Stir the milk very gently. During this time you're trying to coax the curds out and they need to stick together. If you heat the milk too much you're pasteurizing it. If you stir the milk too much, you're homogenizing it. Kinda defeats the purpose of buying raw milk, doesn't it?
Keep an eye on your cheese mix and once that readout hits 175F cut the heat and let is cool undisturbed for about 10 minutes. Note that I had to change a poopy diaper and my milk got almost up to 200F, so the process can be forgiving. Remember though, the target is 175F (75C). At this point it should be easy to distinguish the curds from the whey.
Step 4: Becoming Cheese
At this point you're going to begin pressing the curds into an actual cheese-like substance.
First, line a fine mesh strainer with several layers of cheese cloth. Don't worry about over-doing it with the cheese cloth, no matter how many layers you put the cheese will still drain- it will just be harder to knot up.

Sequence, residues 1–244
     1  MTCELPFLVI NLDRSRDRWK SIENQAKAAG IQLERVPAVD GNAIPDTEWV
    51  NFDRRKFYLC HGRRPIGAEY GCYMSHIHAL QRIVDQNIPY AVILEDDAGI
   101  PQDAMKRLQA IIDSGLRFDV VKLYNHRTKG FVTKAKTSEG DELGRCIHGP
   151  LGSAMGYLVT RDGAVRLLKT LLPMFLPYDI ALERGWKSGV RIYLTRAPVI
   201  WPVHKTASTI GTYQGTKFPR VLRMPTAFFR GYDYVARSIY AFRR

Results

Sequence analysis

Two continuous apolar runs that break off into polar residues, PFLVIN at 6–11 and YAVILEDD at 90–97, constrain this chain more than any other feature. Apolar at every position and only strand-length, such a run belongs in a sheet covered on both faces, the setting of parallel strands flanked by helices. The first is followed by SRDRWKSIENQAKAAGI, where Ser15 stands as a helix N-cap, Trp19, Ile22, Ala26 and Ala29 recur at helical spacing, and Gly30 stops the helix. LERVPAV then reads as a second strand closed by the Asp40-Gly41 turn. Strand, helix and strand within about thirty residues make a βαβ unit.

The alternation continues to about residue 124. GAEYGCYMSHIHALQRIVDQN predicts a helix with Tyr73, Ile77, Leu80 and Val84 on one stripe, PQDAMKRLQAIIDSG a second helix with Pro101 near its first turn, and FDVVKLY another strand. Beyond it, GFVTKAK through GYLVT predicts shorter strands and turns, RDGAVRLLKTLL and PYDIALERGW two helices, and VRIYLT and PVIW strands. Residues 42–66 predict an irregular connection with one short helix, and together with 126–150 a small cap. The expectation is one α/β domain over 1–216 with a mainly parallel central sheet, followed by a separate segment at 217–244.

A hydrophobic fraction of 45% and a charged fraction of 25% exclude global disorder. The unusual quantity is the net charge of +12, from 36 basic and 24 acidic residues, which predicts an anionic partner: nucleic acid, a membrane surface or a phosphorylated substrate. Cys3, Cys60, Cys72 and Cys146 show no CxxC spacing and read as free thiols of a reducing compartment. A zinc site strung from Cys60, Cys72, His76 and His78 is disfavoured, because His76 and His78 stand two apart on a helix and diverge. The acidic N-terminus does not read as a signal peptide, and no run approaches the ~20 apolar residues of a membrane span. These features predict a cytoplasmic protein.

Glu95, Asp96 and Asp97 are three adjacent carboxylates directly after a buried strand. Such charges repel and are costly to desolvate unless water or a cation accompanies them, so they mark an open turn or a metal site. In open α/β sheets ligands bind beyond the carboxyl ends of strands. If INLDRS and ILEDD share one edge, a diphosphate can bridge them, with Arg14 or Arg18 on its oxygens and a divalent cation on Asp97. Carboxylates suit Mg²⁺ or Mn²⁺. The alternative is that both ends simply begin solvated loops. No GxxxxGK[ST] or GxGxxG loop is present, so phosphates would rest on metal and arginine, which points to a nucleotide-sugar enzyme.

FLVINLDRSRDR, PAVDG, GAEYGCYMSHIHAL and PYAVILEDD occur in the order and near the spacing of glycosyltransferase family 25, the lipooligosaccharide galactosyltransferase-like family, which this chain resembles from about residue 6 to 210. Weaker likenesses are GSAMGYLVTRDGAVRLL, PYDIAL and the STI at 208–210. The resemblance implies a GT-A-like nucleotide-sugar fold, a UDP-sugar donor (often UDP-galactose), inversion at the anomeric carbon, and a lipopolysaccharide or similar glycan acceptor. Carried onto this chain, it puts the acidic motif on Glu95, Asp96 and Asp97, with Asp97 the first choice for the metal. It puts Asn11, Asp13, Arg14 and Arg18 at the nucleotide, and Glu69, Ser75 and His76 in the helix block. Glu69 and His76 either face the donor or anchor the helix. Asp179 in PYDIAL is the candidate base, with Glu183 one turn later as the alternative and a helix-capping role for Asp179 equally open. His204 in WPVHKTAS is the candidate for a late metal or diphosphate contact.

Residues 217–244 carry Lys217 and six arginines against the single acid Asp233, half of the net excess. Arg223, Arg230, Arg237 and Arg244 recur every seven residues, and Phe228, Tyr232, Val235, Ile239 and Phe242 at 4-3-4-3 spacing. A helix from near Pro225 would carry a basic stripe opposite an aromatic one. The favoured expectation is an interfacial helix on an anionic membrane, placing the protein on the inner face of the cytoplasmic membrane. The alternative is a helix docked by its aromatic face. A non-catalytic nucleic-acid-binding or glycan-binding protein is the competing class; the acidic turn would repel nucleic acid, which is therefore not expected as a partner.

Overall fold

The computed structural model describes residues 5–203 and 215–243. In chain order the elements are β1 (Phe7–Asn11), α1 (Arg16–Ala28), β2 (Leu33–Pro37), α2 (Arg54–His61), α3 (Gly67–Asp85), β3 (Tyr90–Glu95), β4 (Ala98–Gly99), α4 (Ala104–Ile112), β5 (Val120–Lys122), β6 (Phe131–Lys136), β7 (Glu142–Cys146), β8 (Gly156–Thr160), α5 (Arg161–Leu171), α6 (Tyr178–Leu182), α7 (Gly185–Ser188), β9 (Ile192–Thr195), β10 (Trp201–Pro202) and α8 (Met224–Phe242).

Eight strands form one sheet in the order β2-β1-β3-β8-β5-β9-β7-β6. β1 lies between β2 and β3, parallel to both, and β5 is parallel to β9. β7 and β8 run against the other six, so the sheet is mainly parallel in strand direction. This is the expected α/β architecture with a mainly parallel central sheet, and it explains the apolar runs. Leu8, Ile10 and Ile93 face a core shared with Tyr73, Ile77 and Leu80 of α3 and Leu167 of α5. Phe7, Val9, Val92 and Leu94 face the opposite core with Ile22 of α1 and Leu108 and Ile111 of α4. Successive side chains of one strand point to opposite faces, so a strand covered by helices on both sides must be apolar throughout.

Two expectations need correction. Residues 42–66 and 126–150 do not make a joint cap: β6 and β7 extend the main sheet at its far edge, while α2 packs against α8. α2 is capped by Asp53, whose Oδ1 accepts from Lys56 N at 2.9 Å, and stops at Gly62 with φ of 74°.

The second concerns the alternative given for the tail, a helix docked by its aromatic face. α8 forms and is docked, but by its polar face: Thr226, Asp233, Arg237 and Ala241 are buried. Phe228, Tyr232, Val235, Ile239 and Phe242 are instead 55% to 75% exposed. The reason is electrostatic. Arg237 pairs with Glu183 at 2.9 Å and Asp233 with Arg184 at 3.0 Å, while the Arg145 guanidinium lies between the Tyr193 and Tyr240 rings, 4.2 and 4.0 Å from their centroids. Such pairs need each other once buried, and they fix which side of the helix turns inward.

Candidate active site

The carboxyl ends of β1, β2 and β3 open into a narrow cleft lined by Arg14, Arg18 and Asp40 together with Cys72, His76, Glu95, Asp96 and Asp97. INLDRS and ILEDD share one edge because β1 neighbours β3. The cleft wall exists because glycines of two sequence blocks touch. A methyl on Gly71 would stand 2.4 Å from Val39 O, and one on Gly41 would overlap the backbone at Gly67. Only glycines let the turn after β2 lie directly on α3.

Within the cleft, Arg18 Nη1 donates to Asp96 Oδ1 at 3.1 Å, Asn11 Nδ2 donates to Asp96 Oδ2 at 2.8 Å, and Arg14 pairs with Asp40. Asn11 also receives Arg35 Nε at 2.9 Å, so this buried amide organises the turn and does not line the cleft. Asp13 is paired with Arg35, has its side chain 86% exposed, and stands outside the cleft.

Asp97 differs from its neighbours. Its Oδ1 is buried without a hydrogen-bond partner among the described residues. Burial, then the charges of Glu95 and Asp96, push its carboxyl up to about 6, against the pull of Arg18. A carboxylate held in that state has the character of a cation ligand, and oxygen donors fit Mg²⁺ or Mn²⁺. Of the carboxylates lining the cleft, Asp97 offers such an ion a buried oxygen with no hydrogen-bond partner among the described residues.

Ladle the curds into the strainer and let drain. Place a bowl under to collect the whey, as it is high in protein and can be used in recipes. I separated mine into 1c measures in ziploc baggies and froze it to use in baking recipes later. Try to get all the curds into a single mass, and if they don't fit then you should use a bigger strainer. At this point multiple cheeses doubles your workload.
Bring the corners of the cheese cloth together and tie into a bindle. Let this hang from a cabinet knob or faucet for 2 hours, again collecting the whey underneath.